In our book Innovation Intelligence, we give an overview of recent, disruptive trends that induce changes in the way large corporations deal with open innovation. The book was written after approximately 40 interviews with the Chief Technology Officers and Chief Innovation Officers of large international companies such as Airbus Group, Danone, TOTAL, and Faurecia, among others.
We are very pleased to have two prestigious preface authors:
- Marc Giget, President, European Institute for Creative Strategies and Innovation
- Jean-François Minster, Senior Vice President Scientific Development, Total
The book is 318 page long and is composed of 7 chapters (in addition of the introduction and of the conclusion):
- Chapter 1: The Internet of Skills & Knowledge
- Chapter 2: The Parrot AR.Drone Case
- Chapter 3: Knowledge, the Fuel of Innovation
- Chapter 4: Commoditization of Knowledge & Technologies in a Digital World
- Chapter 5: Expert & Expertise
- Chapter 6: Toward Innovation Intelligence?
- Chapter 7: Tools for Innovation Intelligence & Rapid Experimentation
Here is the teaser of Innovation Intelligence
To innovate, companies must combine multiple and disparate areas of knowledge outside of their core businesses, and they must do it faster and faster. Accessing knowledge and talent has never been so easy and so difficult at the same time. It is easy, because new tools facilitate the task. It is difficult, because it requires finding the needle in the haystack. The problem is that the haystack is growing and the needle must be found more and more quickly.
Ten years ago, Facebook didn’t exist. Ten years before that, the Internet didn’t exist. Following in the footsteps of the Industrial Revolution, the transition to new manufacturing processes during the late-eighteenth and early-nineteenth centuries, and the second Industrial Revolution, also called the Technological Revolution, of the late-nineteenth and early-twentieth centuries, we are on the verge of a third Industrial Revolution: the optimization of resources by using digital technologies. Are talent and knowledge resources like other resources? Work in the year 2030 won’t look the same as it does today. Work, helped by digital tools, will probably be more flexible, fluid, freelance, collaborative, and secure.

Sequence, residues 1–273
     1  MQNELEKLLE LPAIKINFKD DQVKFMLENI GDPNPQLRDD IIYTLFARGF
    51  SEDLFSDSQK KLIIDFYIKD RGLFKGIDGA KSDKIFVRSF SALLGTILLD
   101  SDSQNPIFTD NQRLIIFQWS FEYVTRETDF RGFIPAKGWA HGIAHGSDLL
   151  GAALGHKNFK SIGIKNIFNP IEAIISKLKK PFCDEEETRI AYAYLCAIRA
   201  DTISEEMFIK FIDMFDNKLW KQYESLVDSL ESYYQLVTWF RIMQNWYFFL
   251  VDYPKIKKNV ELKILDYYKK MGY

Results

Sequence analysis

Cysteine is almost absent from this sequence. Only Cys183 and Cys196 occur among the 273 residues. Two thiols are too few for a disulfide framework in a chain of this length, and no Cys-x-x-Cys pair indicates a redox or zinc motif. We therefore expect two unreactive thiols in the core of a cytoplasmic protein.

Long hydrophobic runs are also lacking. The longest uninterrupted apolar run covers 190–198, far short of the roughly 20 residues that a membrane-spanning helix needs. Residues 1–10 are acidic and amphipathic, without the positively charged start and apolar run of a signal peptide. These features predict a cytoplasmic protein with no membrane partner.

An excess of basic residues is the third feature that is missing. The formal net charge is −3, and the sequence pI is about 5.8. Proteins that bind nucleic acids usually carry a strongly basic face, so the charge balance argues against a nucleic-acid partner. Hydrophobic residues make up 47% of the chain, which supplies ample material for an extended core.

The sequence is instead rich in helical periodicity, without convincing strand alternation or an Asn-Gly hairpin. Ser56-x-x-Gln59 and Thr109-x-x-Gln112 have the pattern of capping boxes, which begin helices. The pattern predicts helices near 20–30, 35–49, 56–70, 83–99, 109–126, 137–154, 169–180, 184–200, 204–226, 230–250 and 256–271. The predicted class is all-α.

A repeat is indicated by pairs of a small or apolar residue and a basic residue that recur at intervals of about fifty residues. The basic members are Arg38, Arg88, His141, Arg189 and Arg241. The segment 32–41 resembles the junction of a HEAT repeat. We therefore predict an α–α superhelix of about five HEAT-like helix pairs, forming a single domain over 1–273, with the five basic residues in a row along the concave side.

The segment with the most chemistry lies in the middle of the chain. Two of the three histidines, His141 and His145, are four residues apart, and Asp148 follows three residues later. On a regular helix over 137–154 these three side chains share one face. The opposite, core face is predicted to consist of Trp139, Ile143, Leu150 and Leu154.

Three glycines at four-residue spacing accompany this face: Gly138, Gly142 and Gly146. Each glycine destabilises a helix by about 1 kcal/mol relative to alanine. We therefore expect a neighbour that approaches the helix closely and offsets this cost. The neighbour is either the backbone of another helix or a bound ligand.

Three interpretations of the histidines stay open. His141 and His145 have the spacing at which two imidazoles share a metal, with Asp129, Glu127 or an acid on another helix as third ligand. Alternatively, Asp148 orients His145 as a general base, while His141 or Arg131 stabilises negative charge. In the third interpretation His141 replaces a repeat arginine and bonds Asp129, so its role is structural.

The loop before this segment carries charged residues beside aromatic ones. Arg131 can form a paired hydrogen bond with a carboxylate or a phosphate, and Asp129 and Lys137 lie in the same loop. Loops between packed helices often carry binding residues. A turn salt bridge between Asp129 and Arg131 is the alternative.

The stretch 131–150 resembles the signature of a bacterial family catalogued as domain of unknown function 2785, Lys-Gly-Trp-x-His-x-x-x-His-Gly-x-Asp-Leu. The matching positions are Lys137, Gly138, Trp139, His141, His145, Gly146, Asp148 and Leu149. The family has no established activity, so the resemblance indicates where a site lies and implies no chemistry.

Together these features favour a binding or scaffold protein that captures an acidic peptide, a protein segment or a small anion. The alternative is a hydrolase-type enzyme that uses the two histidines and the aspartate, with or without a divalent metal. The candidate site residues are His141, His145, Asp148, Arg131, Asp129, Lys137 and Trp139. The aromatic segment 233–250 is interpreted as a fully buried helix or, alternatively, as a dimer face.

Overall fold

There are many questions. How will knowledge be accessed? How will top-level experts be engaged? How will these rapid changes affect the way companies manage innovation? What is the future organization of innovation in large corporations?
In this book, the authors provide an up-to-date overview of recent, disruptive trends that induce changes in the way large companies deal with innovation. Special attention is given to the impact of the digital wave.
More information can be found on www.innovation-intelligence.com. On the website, we provide summaries of the chapters, and later on, some samples.
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